A newly published analysis of more than 300,000 extensions and OAuth applications installed in Chromium-based browsers, including Chrome and Edge, determined that more than half pose a high-security risk to organisations.
The analysis, by Software-as-a-Service (SaaS) security specialist Spin.AI, leveraged AI algorithms for discovery. This revealed that 42,938 of installed extensions came from unknown authors.
“Combining the number of extensions used by unknown or untrusted developers with the sheer number of extensions and apps in use across most organisations today paints a worrisome picture of the potential security vulnerabilities lurking in these extensions,” said David Asatryan, Director of Product at Spin.AI.
Big businesses at big risk from Chrome extensions
Larger organisations, defined in the report as having more than 2,000 employees, are at particular risk. Here, the average number of installed extensions is a whopping 1,454.
Why is this of such concern? Because, the researchers say, browser extensions can “pose the same and even higher risks than third-party SaaS applications to business-critical data”.
At the heart of mitigating against potentially harmful extensions is correctly understanding user permissions. The Spin.AI report shows how an identity permission could use a secondary webrequest permission to send data to a third party.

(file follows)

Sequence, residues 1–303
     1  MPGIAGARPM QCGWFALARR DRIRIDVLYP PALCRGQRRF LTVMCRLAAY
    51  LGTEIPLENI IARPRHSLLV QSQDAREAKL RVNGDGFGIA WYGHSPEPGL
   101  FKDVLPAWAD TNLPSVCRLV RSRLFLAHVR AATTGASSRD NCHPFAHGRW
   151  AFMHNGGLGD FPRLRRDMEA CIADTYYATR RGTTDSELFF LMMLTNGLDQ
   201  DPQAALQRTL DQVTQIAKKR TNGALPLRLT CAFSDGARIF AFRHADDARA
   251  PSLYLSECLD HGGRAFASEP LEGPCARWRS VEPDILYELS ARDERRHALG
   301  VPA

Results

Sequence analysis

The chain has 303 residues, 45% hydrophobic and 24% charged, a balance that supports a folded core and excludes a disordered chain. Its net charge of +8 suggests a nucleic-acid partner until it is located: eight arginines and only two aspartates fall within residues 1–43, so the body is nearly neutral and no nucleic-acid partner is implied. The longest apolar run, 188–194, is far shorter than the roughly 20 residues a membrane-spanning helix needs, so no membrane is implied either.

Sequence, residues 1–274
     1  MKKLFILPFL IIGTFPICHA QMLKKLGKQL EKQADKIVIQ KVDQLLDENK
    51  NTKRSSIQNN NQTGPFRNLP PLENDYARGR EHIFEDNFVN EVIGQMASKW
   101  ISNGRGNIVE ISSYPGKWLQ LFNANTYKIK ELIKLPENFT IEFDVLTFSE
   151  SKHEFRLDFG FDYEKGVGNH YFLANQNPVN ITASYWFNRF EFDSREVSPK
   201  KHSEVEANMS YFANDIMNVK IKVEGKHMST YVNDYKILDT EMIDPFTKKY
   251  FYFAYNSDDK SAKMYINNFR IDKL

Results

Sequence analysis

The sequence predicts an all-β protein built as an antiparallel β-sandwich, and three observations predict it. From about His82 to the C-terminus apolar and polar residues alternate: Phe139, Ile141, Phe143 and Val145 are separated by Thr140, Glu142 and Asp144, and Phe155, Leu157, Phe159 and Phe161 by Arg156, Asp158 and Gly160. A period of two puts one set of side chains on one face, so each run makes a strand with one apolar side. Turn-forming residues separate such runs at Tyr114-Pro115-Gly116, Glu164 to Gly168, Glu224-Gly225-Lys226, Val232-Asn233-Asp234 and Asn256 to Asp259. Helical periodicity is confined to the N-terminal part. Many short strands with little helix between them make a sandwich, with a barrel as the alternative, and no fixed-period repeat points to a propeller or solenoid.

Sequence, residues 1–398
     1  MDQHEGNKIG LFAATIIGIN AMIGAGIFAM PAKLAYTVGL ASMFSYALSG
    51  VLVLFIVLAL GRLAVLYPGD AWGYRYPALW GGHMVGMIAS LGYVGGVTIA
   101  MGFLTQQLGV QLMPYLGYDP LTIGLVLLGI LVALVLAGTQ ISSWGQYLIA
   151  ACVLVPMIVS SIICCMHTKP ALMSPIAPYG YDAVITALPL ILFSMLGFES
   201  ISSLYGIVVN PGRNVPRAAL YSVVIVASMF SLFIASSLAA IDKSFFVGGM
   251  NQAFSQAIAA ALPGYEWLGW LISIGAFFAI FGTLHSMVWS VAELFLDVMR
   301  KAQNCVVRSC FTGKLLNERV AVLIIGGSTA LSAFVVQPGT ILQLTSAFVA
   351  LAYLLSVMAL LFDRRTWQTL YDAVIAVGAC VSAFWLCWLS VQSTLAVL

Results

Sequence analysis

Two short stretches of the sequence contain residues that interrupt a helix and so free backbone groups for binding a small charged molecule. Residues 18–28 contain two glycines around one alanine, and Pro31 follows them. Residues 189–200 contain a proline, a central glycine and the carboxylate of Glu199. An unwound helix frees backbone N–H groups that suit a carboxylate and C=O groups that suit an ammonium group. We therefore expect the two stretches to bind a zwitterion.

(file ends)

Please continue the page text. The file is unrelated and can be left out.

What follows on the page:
Such permissions may appear low risk individually, but combined can lead to higher compliance and security risk.
Improving the Chrome extension risk
In related news, Oliver Dunk, a Developer Relations Engineer for Chrome extensions at Google, has announced measures to improve the extension ecosystem for users.
Starting with Chrome 117, Dunk says, installed extensions that have been removed from the Chrome Web Store will be proactively highlighted.
The change is related to three specific use cases:
- where an extension is “unpublished” by the developer
- where it has been removed for violating store policy
- where it has been marked as malware
“When a user clicks ‘Review’ they will be taken to their extensions and given the choice to either remove the extension or hide the warning if they wish to keep the extension installed,” Dunk said.
Extensions marked as malware will be automatically disabled, as happens already.
How to secure your business
While it’s tempting to think that only big businesses are under attack, that’s far from true. As TechFinitive reported earlier this year, small businesses need to protect themselves from cyberattack.
We have also published guides on the simple step you can take to protect your business and how to secure your business online.
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